Category: Law

Page: 216

View: 8266

This book demonstrates that it is the inconsistent and often incoherent jurisprudence of the United States Supreme Court which accounts for a system so lacking in public confidence. Kenneth Williams examines issues of jury selection, ineffective assistance of counsel, and the role of race and claims of innocence which affect the Court's decisions. It provides a unique understanding of the dynamics of an alarmingly problematic system and will be valuable to those interested in human rights and criminal justice.
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Most Deserving of Death?

An Analysis of the Supreme Court's Death Penalty Jurisprudence

Author: Professor Kenneth Williams

Publisher: Ashgate Publishing, Ltd.

ISBN: 1409497933

Category: Social Science

Page: 226

View: 1001

The role of capital punishment in America has been criticised by those for and against the death penalty, by the judiciary, academics, the media and by prison personnel. This book demonstrates that it is the inconsistent and often incoherent jurisprudence of the United States Supreme Court which accounts for a system so lacking in public confidence. Using case studies, Kenneth Williams examines issues such as jury selection, ineffective assistance of counsel, the role of race and claims of innocence which affect the Court's decisions and how these decisions are played out in the lower courts, often an inmate's last recourse before execution. Discussing international treaties and their lack of impact on capital punishment in America, this book has international appeal and makes an important contribution to legal scholarship. It also provides a unique understanding of the dynamics of an alarmingly problematic system and will be valuable to those interested in human rights and criminal justice.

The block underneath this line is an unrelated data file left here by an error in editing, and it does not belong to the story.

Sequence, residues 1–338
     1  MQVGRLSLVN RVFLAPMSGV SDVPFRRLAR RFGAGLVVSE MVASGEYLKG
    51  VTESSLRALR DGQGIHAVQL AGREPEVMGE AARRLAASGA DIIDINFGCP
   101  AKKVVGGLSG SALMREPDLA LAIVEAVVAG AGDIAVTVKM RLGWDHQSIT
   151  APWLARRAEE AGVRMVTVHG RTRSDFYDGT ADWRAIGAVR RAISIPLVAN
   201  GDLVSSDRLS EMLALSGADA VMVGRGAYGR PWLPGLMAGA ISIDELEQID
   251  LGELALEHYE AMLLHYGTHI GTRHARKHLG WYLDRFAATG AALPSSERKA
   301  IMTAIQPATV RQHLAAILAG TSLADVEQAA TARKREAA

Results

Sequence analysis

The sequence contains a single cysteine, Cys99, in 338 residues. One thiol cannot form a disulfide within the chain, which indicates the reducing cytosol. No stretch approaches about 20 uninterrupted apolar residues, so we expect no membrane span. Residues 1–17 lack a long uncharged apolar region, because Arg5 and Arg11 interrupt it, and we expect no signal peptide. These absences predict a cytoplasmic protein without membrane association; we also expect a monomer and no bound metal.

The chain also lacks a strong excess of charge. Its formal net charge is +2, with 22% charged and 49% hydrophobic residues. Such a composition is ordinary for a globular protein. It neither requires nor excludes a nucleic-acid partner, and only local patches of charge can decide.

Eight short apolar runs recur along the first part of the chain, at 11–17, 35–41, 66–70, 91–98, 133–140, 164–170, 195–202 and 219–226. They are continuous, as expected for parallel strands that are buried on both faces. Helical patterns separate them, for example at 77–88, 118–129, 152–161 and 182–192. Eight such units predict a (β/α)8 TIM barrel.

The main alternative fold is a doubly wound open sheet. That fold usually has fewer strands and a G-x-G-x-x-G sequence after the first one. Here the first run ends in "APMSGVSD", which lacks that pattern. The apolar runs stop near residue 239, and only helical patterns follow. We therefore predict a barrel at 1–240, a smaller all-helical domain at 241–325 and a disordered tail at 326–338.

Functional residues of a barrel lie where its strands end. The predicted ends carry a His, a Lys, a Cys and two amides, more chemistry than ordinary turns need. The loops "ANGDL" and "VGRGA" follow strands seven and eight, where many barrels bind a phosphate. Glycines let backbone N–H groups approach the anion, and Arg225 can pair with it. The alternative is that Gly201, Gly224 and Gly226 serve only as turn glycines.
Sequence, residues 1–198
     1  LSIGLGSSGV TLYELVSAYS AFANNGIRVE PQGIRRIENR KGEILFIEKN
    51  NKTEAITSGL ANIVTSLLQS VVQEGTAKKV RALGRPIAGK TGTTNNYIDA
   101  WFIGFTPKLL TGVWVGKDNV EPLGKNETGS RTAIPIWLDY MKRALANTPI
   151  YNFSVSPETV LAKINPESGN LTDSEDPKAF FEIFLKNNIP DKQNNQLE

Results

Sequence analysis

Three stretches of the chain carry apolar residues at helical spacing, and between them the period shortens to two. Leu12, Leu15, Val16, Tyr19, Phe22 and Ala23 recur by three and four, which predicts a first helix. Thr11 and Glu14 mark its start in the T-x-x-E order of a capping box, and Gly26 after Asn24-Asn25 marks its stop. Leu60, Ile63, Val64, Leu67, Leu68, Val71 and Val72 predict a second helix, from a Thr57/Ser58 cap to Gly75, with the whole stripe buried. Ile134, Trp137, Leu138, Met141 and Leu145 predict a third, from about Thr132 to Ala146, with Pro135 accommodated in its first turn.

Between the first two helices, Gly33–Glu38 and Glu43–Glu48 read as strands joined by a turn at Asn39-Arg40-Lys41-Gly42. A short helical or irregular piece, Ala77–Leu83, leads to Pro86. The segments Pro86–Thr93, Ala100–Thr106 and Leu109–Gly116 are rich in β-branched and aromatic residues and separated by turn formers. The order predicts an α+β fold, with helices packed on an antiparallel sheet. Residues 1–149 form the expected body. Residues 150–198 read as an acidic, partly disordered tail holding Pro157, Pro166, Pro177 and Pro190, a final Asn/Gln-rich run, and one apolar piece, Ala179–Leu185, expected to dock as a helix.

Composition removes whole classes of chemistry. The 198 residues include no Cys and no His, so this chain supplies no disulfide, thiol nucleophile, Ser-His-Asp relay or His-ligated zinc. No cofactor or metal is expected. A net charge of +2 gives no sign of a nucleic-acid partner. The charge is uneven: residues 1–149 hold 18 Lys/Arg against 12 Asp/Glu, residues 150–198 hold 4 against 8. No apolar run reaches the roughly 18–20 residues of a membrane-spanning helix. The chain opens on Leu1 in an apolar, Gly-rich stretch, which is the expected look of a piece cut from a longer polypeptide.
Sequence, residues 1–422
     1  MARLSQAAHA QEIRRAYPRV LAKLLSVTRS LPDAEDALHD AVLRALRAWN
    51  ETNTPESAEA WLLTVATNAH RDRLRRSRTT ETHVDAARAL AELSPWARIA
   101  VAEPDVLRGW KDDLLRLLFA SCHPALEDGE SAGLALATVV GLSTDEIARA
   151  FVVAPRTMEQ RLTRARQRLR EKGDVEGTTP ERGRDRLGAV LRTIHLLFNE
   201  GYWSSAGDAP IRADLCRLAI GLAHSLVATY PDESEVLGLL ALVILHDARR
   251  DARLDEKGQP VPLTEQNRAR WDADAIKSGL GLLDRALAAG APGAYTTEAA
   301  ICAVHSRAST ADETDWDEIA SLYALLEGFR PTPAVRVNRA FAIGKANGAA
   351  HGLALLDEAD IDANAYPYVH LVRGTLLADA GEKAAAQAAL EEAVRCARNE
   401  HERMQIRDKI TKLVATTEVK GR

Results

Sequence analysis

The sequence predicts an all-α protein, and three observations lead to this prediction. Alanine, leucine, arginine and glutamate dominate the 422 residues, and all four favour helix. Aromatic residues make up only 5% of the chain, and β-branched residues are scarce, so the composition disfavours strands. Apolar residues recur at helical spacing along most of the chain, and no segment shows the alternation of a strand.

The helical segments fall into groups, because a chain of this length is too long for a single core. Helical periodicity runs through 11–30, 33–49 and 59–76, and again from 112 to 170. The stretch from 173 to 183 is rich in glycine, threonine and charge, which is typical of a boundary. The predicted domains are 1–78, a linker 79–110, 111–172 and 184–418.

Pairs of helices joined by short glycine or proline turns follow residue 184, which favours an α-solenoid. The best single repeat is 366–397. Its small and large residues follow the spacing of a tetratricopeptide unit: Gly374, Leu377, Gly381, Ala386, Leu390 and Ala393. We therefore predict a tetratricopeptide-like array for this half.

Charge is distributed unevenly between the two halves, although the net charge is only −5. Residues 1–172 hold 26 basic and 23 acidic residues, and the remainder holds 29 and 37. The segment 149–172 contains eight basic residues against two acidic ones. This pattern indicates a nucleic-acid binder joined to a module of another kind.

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Justice Stanley Mosk

A Life at the Center of California Politics and Justice

Author: Jacqueline R. Braitman,Gerald F. Uelmen

Publisher: McFarland

ISBN: 0786468416

Category: Social Science

Page: 288

View: 6121

"This is the first biography of Stanley Mosk (1912-2001). It recounts Mosk's previously unexplored pre-Court years where he quickly rose as a leader among Los Angeles reformers, becoming the executive secretary of California governor Culbert Olson and then gaining wide popularity during his 16 years as a superior court judge"--Provided by publisher.
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The Death Penalty

A Debate

Author: Ernest Van den Haag,John Phillips Conrad

Publisher: Springer Science & Business Media

ISBN: 1489927875

Category: Social Science

Page: 305

View: 4443

From 1965 until 1980, there was a virtual moratorium on executions for capital offenses in the United States. This was due primarily to protracted legal proceedings challenging the death penalty on constitutional grounds. After much Sturm und Drang, the Supreme Court of the United States, by a divided vote, finally decided that "the death penalty does not invariably violate the Cruel and Unusual Punishment Clause of the Eighth Amendment." The Court's decisions, however, do not moot the controversy about the death penalty or render this excellent book irrelevant. The ball is now in the court of the Legislature and the Executive. Leg islatures, federal and state, can impose or abolish the death penalty, within the guidelines prescribed by the Supreme Court. A Chief Executive can commute a death sentence. And even the Supreme Court can change its mind, as it has done on many occasions and did, with respect to various aspects of the death penalty itself, durlog the moratorium period. Also, the people can change their minds. Some time ago, a majority, according to reliable polls, favored abolition. Today, a substantial majority favors imposition of the death penalty. The pendulum can swing again, as it has done in the past.